Class Certification Denied 366 Patients Potentially Exposed to Hepatitis and HIV by a New Orleans Hospital

Group_Of_PeopleDespite the conventional wisdom that hundreds of plaintiffs suing for the same-type of injury are, by definition, entitled to a class action, the Louisiana Fourth Circuit Court of Appeal recently denied class certification to 366 individuals who claimed a hospital exposed them to HIV and hepatitis. See Doe v. University Healthcare Systems, L.L.C., Nos. 2013-1457-1466, 2014 WL 3360817 (La. App. 4 Cir. July 9, 2014).

In 2010, a Frilot client, Tulane Medical Center, determined its endoscopes were not cleaned and disinfected to the recommended standards for their reuse. An endoscope is a fiber-optic medical instrument used for diagnostic or therapeutic purposes in human organs. Because endoscopes enter body cavities and are repeatedly reused, the United States Center for Disease Control (“CDC”) mandates that they be subjected to high-level disinfection using chemical disinfectants.

Tulane Medical Center discovered that 366 patients underwent some type of endoscopic test in which the endoscope had not been sterilized in accordance with CDC standards. Tulane then notified each of these patients that the potential risk of infection was “minimal to nonexistent” and offered free screening for hepatitis and HIV, along with counseling.

Shortly after this notification was made, multiple class actions against Tulane and others were filed in Civil District Court for Orleans Parish, seeking certification of a class of the individuals (a) who underwent the endoscopic procedures, and sustained emotional distress from notification of potential exposure to infectious disease, but who did not actually contract an infectious disease, and (b) individuals with whom the class members had sexual relations. Plaintiffs’ Class counsel conceded that it was unnecessary to have a subclass of individuals who had actually contracted an infectious disease from the endoscopic procedures (presumably because few, if any, of the 366 persons exposed to the endoscopes contracted any infectious disease).

On July 9, 2014, the Louisiana Fourth Circuit Court of Appeal affirmed the trial court’s denial of class certification for the 366 individuals that received notice of the endoscope problems. Relying on Louisiana principles for class certification (based upon F.R.C.P. 23), the Court affirmed denial of class certification on two fundamental grounds:

• Plaintiffs failed to present sufficient evidence of numerosity. To satisfy the numerosity requirement for a class action, plaintiffs must establish that the members of the class are so numerous that joinder of individual plaintiffs in a single suit is impractical. Plaintiffs argued that the numerosity requirement was met and that joinder was impractical, solely on the basis that the proposed class was comprised of 366 litigants. The appellate court found that there was no presumption of numerosity, and that the undisputed evidence presented at the class certification hearing showed that only 20 of the 366 potential class members had actually filed lawsuits to assert their emotional distress claims.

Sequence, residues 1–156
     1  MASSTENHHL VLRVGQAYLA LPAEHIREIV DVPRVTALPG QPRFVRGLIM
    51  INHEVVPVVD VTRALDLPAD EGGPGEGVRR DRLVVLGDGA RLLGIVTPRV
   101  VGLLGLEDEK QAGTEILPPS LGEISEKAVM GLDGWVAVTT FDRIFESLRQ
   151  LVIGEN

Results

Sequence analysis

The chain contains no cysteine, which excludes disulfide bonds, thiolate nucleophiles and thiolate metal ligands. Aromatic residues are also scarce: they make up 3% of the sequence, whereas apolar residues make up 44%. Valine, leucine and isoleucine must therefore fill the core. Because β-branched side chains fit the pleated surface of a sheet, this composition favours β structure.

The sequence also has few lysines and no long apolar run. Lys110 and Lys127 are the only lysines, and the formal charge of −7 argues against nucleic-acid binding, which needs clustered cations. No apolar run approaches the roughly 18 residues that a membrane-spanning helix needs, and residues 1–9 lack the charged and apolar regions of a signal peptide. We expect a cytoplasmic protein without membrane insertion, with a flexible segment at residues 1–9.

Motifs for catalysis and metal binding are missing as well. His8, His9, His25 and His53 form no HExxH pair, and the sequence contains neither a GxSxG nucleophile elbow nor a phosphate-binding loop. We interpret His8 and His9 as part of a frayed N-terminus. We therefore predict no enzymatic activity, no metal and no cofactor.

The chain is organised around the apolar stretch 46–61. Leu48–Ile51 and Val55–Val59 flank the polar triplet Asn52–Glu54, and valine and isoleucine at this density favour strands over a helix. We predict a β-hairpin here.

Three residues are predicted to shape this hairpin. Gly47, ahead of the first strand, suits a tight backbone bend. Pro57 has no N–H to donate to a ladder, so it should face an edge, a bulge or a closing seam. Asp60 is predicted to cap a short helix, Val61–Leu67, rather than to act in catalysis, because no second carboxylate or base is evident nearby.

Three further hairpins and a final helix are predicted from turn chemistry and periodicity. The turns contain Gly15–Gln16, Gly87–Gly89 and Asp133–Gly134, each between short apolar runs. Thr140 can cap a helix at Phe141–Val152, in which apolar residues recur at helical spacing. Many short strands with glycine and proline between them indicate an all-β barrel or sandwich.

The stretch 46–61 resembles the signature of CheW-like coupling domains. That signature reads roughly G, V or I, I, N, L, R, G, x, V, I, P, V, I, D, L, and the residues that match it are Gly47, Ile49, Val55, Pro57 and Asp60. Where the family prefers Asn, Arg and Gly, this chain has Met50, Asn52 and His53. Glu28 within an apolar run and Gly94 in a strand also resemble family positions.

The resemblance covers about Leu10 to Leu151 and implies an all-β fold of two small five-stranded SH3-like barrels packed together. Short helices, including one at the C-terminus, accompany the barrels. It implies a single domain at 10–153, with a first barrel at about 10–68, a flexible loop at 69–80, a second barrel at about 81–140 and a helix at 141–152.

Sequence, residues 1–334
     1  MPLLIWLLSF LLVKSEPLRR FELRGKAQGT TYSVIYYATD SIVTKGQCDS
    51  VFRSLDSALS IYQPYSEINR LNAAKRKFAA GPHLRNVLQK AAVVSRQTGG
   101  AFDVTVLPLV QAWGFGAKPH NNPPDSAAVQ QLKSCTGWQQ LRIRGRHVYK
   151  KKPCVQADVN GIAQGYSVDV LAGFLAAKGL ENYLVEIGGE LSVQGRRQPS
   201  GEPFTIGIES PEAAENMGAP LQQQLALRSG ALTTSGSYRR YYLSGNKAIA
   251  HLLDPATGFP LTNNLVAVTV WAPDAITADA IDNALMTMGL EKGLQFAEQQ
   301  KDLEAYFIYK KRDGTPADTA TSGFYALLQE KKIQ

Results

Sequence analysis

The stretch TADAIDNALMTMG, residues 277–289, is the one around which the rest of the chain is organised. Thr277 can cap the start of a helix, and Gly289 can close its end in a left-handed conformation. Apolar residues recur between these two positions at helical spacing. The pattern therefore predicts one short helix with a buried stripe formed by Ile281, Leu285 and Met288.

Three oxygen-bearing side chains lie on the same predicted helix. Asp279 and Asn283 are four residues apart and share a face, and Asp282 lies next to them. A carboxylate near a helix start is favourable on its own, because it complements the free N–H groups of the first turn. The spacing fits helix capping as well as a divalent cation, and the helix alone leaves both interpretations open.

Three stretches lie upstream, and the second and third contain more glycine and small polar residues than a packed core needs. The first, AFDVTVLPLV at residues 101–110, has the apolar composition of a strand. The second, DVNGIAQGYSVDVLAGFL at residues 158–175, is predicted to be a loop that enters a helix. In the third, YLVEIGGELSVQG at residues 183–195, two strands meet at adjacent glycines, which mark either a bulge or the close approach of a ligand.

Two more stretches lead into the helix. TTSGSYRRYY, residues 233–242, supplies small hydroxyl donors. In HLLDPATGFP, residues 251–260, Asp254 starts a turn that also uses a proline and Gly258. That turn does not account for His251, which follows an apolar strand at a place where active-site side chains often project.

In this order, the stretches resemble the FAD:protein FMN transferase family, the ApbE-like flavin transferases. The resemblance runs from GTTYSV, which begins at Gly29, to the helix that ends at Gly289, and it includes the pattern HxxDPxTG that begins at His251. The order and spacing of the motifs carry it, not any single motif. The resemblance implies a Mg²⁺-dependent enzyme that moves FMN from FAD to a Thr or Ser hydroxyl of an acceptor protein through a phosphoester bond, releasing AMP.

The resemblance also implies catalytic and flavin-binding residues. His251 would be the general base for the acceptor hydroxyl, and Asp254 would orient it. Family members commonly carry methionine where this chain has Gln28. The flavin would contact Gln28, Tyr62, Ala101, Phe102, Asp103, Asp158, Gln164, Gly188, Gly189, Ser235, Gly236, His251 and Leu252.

• The plaintiffs failed to satisfy the predominance requirement, i.e., identifying a question common to the class―one where “the determination of its truth or falsity will resolve an issue that is central to the validity of each one of the claims in one stroke.” (quoting Wal-Mart Stores, Inc. v. Dukes, 131 S. Ct. 2541, 180 L. Ed. 374 (2011)). The court held that the common questions involving proof of causation and emotional distress damages could only be answered on a highly individualized basis, requiring individual “mini-trials” about each plaintiff’s medical, mental, and sexual history, and other possible media for exposure to sexually transmitted diseases. Because causation could not be determined on a class-wide basis, but instead required “mini-trials” based upon plaintiff-specific inquiries, a class action was inappropriate, and plaintiffs failed to meet the “predominance” requirement under class action law.

Louisiana Courts are required to perform a “rigorous analysis” of the mandatory requirements for class certification, and arguably did just that in denying class certification in this case.

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